Safely migrating a Ruby app from Heroku to AWS Serverless

May 04, 2022

This is a multi-part series on how to safely refactor and migrate a ruby-based app from Heroku to running entirely serveless on AWS. Each step is incremental and self-contained, with special attention given to avoiding any need to wholesale lift-and-shift the application so as to avoid the risks such large changes introduce. This is the distillation of more than a year of lessons learned, but that's mostly a by-product of the complete lack of urgency on my part for completing this. This playbook could be followed as quickly as your own urgency and confidence desires.

I've a project that's been running happily on Heroku for many years now. It's mostly been a set and forget app, but from time to time it requires some attention. It's also a permanent fixture on my credit card statement every month much to my chagrin. It's only only a few hundred dollars which isn't by any measure an enterprise level spend, but it's always felt disproportionate to the actual needs of the app. It's very bursty in terms of the traffic it serves. When it gets traffic it might service several thousand requests per hour. But between those times... nothing. Literally nothing. There's no baseline load. Yet it's always running 2x dynos, a couple more for async workers, a production database. This is the exact type of app that is a perfect fit for a more serverless and scale on demand approach.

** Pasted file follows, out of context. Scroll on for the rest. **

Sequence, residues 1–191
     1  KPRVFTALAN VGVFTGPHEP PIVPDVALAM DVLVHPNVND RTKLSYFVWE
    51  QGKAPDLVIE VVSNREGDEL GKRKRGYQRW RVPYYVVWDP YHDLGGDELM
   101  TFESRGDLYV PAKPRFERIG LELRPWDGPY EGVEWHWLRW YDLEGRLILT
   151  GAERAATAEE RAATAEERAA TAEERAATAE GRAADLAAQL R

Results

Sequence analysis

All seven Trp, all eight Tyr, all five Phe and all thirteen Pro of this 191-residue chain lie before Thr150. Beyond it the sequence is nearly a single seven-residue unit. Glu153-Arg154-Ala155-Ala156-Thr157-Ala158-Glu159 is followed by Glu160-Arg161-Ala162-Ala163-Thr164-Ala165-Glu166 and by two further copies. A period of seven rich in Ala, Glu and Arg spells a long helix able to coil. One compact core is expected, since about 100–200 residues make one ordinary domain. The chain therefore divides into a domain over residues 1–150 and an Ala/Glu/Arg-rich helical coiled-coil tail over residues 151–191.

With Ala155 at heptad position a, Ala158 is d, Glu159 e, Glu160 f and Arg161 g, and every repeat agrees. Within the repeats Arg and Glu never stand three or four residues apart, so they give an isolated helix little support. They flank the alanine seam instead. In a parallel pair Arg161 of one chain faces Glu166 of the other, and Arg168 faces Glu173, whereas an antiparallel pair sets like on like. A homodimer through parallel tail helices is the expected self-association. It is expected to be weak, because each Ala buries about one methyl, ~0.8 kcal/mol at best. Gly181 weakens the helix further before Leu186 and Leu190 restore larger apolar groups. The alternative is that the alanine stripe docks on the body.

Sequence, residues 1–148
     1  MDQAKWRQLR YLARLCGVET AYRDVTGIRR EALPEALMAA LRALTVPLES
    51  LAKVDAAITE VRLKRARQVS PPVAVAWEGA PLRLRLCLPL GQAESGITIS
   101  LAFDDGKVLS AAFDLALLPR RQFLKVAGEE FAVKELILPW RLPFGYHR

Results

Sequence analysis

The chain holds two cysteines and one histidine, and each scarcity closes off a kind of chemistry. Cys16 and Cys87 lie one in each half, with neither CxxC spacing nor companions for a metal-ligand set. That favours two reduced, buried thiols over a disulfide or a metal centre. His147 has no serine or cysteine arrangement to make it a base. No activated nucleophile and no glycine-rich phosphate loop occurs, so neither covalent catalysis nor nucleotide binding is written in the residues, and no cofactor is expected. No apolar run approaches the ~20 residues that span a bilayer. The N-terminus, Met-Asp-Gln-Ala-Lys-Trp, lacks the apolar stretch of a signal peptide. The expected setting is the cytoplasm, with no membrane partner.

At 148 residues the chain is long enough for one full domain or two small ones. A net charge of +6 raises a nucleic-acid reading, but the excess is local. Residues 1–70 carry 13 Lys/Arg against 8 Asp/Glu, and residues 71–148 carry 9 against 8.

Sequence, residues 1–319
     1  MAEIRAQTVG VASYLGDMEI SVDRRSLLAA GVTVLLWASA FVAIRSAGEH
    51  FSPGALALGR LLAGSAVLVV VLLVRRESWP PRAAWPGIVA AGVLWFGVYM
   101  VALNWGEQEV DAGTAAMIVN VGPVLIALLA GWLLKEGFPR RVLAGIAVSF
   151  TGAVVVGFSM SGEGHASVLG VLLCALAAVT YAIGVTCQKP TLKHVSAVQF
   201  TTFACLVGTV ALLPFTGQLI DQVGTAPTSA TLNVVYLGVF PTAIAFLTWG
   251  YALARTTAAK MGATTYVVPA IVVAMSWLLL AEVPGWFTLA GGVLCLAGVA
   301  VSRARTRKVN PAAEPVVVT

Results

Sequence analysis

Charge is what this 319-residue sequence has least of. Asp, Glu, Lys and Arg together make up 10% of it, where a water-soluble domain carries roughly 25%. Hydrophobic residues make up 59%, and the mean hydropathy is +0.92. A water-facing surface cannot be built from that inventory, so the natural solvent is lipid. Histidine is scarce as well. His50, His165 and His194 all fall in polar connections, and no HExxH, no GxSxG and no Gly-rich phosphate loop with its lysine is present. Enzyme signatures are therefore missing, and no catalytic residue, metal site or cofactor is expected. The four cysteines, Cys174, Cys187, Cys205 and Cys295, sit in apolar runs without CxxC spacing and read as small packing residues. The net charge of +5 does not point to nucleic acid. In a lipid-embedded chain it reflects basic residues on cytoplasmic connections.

Step 0 - Define a pragmatic plan

Now, this is my plan. It worked well for me precisely because I wanted to re-architect the implementation anyway. It might not be the right plan for your app though. I hope in going through this that you get some inspiration rather than a blueprint to copy. There's aspects of this that could likely be adapted.

Overall what I hope you take away is that there's a path migrating things safely. In small steps. With no downtime. And you can have it happen as quickly or slowly as you like. My migration took many months! Not because it was hard, but because there was no urgency. I reaped many of the cost and performance benefits early and so the last bits just dragged on becase... well, they could.